She saw a few other people, all dressed in standard grown-up office clothes. None of them gave her so much as a second glance, and none came close enough for her to get more than a whiff of their emotions.

As usual, she held her breath to avoid absorbing too much, but she could still sense them. Wafts of distracted calculation and the low level grumbles of petty irritation.

At least she blended in. Monica had been right to insist that Appel should wear her most grown-up, boring clothes.  A white blouse, and a narrow, grey skirt, stockings, and neat black shoes.  

Appel had resisted. She despised wearing stockings, hated being constantly aware of the waistband digging into her, hated the way her skirt swished over her stockinged legs with every step. But she had to admit that these clothes were right for this place. Nobody gave her so much as a second glance.

The door to room 1005 stood open. The receptionist looked up as Appel hovered on the doorstep. “Can I help you?” 

Appel approached the desk and held out her application form. 

The receptionist took the form, glanced through it, then up at Appel.“This is for you?”

Appel nodded.

The woman read the form over again, then typed something into her computer. She radiated a steady, competent hum. Out of habit, Appel stepped back out of range, to a distance where she was no longer aware of the woman’s emotions, and took the opportunity to study her surroundings.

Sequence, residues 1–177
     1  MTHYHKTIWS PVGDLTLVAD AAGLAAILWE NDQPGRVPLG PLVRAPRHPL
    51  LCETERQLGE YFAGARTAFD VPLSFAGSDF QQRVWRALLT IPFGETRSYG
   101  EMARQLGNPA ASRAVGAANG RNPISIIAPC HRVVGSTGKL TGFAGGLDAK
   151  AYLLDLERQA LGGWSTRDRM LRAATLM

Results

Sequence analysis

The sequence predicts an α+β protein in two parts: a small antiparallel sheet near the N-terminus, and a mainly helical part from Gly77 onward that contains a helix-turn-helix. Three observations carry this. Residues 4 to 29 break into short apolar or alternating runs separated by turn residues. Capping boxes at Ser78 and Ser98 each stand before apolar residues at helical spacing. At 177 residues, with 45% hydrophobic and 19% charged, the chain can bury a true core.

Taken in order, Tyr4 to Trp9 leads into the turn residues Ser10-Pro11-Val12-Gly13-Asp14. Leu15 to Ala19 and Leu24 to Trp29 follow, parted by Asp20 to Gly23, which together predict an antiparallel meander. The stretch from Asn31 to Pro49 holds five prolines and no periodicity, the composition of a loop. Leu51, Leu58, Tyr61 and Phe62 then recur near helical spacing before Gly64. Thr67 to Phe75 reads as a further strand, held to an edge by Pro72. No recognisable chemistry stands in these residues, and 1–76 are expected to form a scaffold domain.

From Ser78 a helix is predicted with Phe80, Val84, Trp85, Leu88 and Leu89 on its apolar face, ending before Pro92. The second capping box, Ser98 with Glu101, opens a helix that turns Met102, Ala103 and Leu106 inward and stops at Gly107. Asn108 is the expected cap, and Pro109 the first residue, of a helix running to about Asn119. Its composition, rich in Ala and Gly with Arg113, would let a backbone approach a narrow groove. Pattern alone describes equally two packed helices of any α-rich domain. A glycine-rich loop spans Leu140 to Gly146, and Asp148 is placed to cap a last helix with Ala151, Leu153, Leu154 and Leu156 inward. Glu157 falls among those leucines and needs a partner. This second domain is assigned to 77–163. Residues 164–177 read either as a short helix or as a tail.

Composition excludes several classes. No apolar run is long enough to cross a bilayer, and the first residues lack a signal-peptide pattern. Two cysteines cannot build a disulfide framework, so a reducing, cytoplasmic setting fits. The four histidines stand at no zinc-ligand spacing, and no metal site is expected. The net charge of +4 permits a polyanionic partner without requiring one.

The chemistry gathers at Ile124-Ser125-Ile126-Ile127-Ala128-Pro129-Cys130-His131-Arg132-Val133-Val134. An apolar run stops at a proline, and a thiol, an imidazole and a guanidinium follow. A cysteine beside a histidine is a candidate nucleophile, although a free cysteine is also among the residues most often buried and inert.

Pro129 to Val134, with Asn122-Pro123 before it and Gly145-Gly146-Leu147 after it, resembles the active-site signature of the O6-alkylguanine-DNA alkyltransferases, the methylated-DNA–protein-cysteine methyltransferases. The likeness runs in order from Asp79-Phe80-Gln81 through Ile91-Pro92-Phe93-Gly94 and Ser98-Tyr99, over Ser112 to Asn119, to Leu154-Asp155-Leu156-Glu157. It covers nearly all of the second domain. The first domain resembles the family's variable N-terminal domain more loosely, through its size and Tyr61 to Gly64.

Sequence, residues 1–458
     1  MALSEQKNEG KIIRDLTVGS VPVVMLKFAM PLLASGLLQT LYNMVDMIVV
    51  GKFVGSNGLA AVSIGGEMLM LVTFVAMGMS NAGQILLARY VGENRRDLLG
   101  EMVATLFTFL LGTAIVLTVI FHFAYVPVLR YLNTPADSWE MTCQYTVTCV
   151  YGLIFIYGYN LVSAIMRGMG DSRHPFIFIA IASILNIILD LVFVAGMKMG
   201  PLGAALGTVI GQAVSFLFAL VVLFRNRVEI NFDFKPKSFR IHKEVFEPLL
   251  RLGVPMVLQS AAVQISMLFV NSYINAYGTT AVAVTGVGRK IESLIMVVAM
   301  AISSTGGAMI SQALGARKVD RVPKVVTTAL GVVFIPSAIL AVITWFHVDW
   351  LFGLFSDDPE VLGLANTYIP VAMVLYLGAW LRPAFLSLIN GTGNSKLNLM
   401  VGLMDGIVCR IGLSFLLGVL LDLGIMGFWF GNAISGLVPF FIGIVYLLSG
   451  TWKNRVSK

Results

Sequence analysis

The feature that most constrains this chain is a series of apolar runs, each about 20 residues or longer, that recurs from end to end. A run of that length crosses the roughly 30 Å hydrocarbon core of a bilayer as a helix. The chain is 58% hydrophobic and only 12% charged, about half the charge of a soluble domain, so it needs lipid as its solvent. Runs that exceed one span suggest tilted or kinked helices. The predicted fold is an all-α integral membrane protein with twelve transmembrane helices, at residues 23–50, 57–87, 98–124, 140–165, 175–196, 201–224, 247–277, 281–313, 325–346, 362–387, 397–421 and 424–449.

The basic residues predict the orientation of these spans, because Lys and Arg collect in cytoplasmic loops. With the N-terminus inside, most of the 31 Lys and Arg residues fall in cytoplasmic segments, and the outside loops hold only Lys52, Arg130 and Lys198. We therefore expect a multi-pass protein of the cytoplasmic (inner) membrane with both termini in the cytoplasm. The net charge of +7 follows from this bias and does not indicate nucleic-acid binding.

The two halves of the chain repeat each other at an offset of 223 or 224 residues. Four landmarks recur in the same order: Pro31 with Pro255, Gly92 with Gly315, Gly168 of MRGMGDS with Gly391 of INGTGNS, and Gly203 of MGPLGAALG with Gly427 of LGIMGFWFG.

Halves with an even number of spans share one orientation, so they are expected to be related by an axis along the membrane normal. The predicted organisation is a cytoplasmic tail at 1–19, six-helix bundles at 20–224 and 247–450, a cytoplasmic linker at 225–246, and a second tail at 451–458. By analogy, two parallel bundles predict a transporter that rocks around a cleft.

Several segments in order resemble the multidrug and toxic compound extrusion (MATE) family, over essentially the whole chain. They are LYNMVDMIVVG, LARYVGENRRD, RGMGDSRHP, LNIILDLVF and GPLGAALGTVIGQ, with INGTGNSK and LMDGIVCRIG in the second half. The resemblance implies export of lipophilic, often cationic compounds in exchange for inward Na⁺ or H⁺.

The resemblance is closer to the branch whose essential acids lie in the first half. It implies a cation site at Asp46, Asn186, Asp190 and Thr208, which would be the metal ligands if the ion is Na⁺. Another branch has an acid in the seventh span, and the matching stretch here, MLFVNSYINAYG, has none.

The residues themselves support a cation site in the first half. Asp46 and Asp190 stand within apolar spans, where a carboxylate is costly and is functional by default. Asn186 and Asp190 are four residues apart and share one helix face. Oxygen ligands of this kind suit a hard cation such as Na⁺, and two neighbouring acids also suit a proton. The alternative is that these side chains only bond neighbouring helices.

The room was disappointingly normal. It had a beige wall-to-wall carpet, and soft off-white walls. Several people were seated on the row of plastic chairs. Three boys, and three women.  

 “This seems to be all in order.” The receptionist placed Appel’s form in a file. “Please take a seat. Doctor will call you when he’s ready to see you.”

“Thank you,” Appel whispered, and chose the closest chair.

Everyone was looking at her, so she kept her eyes down so that no one would feel obliged to speak to her.

After a few moments, when no one showed any signs of intruding on her silence, she risked another quick glance around the room.

The boys were all at least ten years younger than Appel. Each sat next to a woman Appel guessed must be their mother.  

Each boy’s hands and arms were wrapped in chokes, the soft but strong spell-damping chords that would keep them from accidentally sparking.

The boy closes to Appel, a delicate, round-faced child with big, brown eyes, leaned against his mother, and she had her arm around him, her fingers playing absently through his fine hair.

They were close enough that Appel could pick up the woman’s thoughts, a gentle flow of comfort and warm scents. Clean cotton, drying in the sun. A book fitting cleanly back into its place on the shelf. And under it, a subtle rasp of worry, stopping and starting, like the gnawing of a small animal.